Bishop Henry McNeal Turner and African-American Religion in the South.
Born free in slaveholding South Carolina on February 1, 1834, Turner claimed an ancestry that included African royal blood as well as a white paternal grandmother. Existing law forbade educating blacks, but he acquired some semblance of instruction from attorneys in an Abbeville, South Carolina, firm where he worked as a sweeper. He joined a Methodist church there in 1848 and soon took up the ministry, traveling extensively throughout the South during the 1850s. In 1858, he went to St. Louis with his first wife, Eliza, to join the African Methodist Episcopal Church and to become a Northern pastor. Actually, the denominational hierarchy assigned him churches in Baltimore and Washington, D.C., where some blacks remained in bondage during the early 1860s.
Turner left his pastorate during June 1863 to become a chaplain to black troops in the Union army. After a brief stint with the Freedmen's Bureau following the Civil War, he settled in Georgia as the "unordained bishop" of the African Methodist Episcopal Church. Eventually, he became a full-fledged bishop, a position he held from 1880 to 1915. Along the way, he served in the state legislature, became an advocate of prohibition, crusaded for civil rights, supported the back-to-Africa movement, went to the "dark continent" as a missionary, emerged as a leading proponent of black theology, and favored the ordination of female ministers. He also married four women in succession and buried three, fathered children, and stood accused of extramarital affairs.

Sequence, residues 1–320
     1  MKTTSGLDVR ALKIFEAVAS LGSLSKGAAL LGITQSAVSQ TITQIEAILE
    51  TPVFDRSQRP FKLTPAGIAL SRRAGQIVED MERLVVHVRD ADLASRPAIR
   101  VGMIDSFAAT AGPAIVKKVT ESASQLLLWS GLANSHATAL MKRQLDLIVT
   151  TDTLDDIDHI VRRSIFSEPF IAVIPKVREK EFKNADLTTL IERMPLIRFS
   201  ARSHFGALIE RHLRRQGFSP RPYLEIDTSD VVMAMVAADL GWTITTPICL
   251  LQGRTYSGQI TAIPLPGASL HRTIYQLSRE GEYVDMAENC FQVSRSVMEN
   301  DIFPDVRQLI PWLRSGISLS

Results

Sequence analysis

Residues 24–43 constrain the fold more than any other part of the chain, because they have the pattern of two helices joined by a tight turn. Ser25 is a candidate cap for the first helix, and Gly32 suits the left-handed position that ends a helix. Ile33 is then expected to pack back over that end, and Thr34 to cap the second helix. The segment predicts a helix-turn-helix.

In 1869, the Reverend Turner had secured an appointment as postmaster in Macon, which was a major patronage plum. Returning to the Georgia town from Washington, D.C., where he had been trying to salvage his position beset as it was by a storm of controversy, he traveled in the company of Marian Harris, a prostitute whom he had known and consorted with in other cities for a couple of years; she had in her possession $1800 in counterfeit bank notes, which earned her jail time and garnered him considerable trouble and embarrassment. Indeed, Turner knew an extraordinary and turbulent existence.
Given the particulars of Henry McNeal Turner's life and times, it seems almost impossible to write anything less than a scintillating biography; but Stephen Ward Angell has managed to do so. The fault does not lie with a lackluster topic or inadequate research, for the author seems to have examined appropriate materials. The problem rests with Angell's failure to place his subject in satisfactory perspective within Southern history and the black experience. Furthermore, the internal organization devised by the author affords the reader little assistance in plowing through the maze of details; and the inordinately long, rambling paragraphs and the tedious style prove taxing. Serious revision and careful editing of the manuscript could have produced a really first-rate biography. Still, in spite of these flaws, Turner himself is of sufficient magnitude to attract scholars to this book; but they may be disappointed by how little insight it offers into his personal life.
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|Author:||Wolfe, Margaret Ripley|
|Publication:||The Mississippi Quarterly|
|Article Type:||Book Review|
|Date:||Dec 22, 1993|
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